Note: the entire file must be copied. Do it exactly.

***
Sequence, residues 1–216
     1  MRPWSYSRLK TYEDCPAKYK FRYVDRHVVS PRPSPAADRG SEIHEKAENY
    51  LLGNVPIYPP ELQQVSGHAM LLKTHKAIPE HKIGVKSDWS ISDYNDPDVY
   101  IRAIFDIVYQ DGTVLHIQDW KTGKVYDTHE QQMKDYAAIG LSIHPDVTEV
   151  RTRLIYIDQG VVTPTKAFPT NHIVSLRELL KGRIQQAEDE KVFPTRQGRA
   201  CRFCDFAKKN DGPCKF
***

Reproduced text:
Sequence, residues 1–216
     1  MRPWSYSRLK TYEDCPAKYK FRYVDRHVVS PRPSPAADRG SEIHEKAENY
    51  LLGNVPIYPP ELQQVSGHAM LLKTHKAIPE HKIGVKSDWS ISDYNDPDVY
   101  IRAIFDIVYQ DGTVLHIQDW KTGKVYDTHE QQMKDYAAIG LSIHPDVTEV
   151  RTRLIYIDQG VVTPTKAFPT NHIVSLRELL KGRIQQAEDE KVFPTRQGRA
   201  CRFCDFAKKN DGPCKF